Faith (or lack thereof) is connected to the decision of suicide, I think. I don't know the faith positions of two of these people, but my aunt was brought up pretty strict catholic. My mother, her sister, left the faith awhile ago but has just rediscovered it and returned to the fold. I don't think my aunt went to church every Sunday, but I also don't think she gave up on her childhood beliefs. She was also an obsessive rule-follower. Hence her suicide was particularly perplexing. But she was the most nuts of these three people, so perhaps there is no understanding her thought processes. My aunt's was meticulously planned, while my wife's friend seemed more spur of the moment in a flood of emotion. In fact, my theory is that she half wanted to be saved, based on the text messages she sent out and the fact that she was very dramatic and craved attention.

I don't have any answers or great wisdom to share, I was just thinking about all of this stuff after this latest incident. But don't worry, back to the business of music soon, where I feel I am on much surer footing. RIP MKD, you were a firecracker of a woman with oceans of emotion, both up and down. I hope you found your peace.

Dez's 5 Star Records: The G's

You could subtitle this entry “The Peter Gabriel Edition.” Gabriel is involved in seven of the following 12 picks. It is no secret that I am a huge PG fan, notwithstanding the last 20 years of crap he has put out. This is where personal taste really does enter into the equation, his work just strikes a chord with me. That being said, I think that I can justify each of these picks. Gabriel is a respected artist and praise has been heaped on all of these records below. Also, the Genesis records where he is involved are not solely his work. Genesis, in the early days, really was a collective with each member contributing crucial elements. So the Genesis records are just as much about Steve Hackett and Tony Banks as they are about Gabriel. The much maligned but commercially successful Phil Collins-era of Genesis deserves (although, Collins was in the band during the Gabriel-era too) some critical reconsideration, even though none of those records make my 5 star list (Abacab came close.)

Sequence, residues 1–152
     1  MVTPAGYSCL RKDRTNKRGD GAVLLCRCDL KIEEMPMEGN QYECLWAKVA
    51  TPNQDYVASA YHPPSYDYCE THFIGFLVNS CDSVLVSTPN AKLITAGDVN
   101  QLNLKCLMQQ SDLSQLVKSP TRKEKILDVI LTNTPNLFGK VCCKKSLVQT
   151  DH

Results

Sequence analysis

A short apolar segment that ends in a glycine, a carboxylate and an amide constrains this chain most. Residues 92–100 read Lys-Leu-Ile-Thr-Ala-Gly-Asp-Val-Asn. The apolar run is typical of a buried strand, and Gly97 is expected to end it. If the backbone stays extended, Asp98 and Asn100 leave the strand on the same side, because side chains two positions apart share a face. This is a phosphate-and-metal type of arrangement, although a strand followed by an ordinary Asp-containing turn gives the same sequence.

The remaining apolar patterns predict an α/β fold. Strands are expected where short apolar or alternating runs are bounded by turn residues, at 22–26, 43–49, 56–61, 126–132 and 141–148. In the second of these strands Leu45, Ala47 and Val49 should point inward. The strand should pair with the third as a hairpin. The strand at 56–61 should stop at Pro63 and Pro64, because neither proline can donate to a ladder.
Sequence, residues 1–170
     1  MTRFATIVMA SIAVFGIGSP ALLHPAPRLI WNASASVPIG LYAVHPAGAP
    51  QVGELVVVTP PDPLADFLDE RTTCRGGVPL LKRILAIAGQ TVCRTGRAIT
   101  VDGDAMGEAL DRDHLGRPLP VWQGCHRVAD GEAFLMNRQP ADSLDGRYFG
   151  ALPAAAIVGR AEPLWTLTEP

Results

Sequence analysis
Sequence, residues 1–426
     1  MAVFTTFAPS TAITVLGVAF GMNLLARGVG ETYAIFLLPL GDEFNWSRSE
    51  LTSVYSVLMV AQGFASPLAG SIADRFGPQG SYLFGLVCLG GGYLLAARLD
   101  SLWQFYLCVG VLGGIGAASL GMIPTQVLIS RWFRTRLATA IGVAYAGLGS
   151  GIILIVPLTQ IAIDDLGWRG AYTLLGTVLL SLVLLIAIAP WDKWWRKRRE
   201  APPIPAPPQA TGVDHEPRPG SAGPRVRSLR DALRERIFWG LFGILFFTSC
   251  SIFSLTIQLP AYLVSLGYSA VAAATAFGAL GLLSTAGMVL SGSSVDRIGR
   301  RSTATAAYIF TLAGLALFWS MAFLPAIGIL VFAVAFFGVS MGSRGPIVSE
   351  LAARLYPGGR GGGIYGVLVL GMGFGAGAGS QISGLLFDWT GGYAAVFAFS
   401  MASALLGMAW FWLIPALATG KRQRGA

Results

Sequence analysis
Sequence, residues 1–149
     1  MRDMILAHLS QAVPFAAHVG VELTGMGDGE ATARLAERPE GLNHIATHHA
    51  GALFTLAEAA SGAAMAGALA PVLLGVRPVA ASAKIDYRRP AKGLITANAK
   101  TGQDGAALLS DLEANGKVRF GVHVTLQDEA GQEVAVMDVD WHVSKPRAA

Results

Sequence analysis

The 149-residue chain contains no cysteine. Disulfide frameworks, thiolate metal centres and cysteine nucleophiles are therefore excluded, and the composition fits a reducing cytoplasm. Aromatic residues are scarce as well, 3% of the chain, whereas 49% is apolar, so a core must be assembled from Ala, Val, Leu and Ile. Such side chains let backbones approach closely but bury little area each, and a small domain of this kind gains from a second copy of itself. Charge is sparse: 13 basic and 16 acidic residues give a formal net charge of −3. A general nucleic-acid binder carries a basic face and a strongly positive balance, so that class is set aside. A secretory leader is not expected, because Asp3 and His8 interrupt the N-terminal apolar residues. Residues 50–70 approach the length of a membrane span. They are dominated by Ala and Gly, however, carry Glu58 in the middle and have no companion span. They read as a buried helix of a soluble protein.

Peter Gabriel – Peter Gabriel (aka ‘I’, aka ‘Car’, aka ‘The First One’) (1977): An artistic declaration of independence, Gabriel’s solo debut is bursting with genre experiments and ideas as he is released from the perceived shackles of Genesis’s progressive rock collective.

Peter Gabriel – Peter Gabriel (aka ‘III’, aka ‘Melt’, aka ‘The Third One’) (1980): With the unbeatable combination of distinctive and experimental production (especially with the percussion) and Gabriel’s most powerful set of songs, his third record is the most rewarding.

Peter Gabriel – So (1986): Gabriel finally strikes a balance between musical experimentation and commercial sensibility and releases the hit record that people knew he was capable of making; on a personal note, this is one of those handful of records that really altered my musical perspectives and opened a lot of doors.

Peter Gabriel – Passion (1989): Passion serves as the soundtrack to Martin Scorsese’s controversial film ‘The Last Temptation of Christ,’ and is an intoxicating, mostly instrumental, blend of African and Middle Eastern music with Western technology and Gabriel’s layers of production and moody synthesizers.

Genesis – Foxtrot (1972): If I had to pick one record as the ultimate progressive rock masterpiece, I think I would have to pick Foxtrot; Gabriel’s multiple characters that he inhabits within a single song (“Get ‘Em Out By Friday” and the epic “Supper’s Ready”) is worthy of the stage.

Genesis – Selling England By the Pound (1973): The most uneven of the killer Genesis trilogy from ’72-’74, but the peaks are their highest (“Dancing With the Moonlit Knight,” “Firth of Fifth,” “Cinema Show” and “I Know What I Like (In Your Wardrobe)” are all amongst the best Genesis has to offer.)

Genesis – The Lamb Lies Down on Broadway (1974): Gabriel’s incomprehensible double concept album swansong with Genesis still contains many moments of musical excitement and beauty, and credit really goes to the rest of the band.

The Grateful Dead – American Beauty (1970): A counterpart to the almost as great Workingman’s Dead the same year, this record has even deeper roots in folk American musical forms; rarely has an album title been so apt.

The Grateful Dead – The Grateful Dead (aka ‘Skull and Roses,’ aka ‘Skullf*ck’) (live) (1971): For Dead standards, this double record is a relatively concise but accurate sampling of the live Dead experience, with the spacey extended jam confined to one (very long) track, while the rest is filled out with the usual mix of excellent covers and new (soon to be standard) Dead originals like “Bertha,” “Playing in the Band” and “Wharf Rat.”

David Gray – White Ladder (1998): I’ll tread carefully since I know some of my readers are big Gray fans, but this is the only fully satisfying record that he has put out; a DIY bid for success that worked because of strong material and bold yet tasteful use of programming and synths mixing it up with his acoustic guitar.

Guns ‘n Roses – Appetite For Destruction (1987): Is this the last classic rock record?

Vince Guaraldi Trio – A Charlie Brown Christmas (1965): The only other holiday record on this list (after Nat Cole’s record), Guaraldi’s lovely, lilting jazz soundtrack to the perennial Peanuts television standard stands outside the cartoon as its own classic piece of holiday warmth and cheer.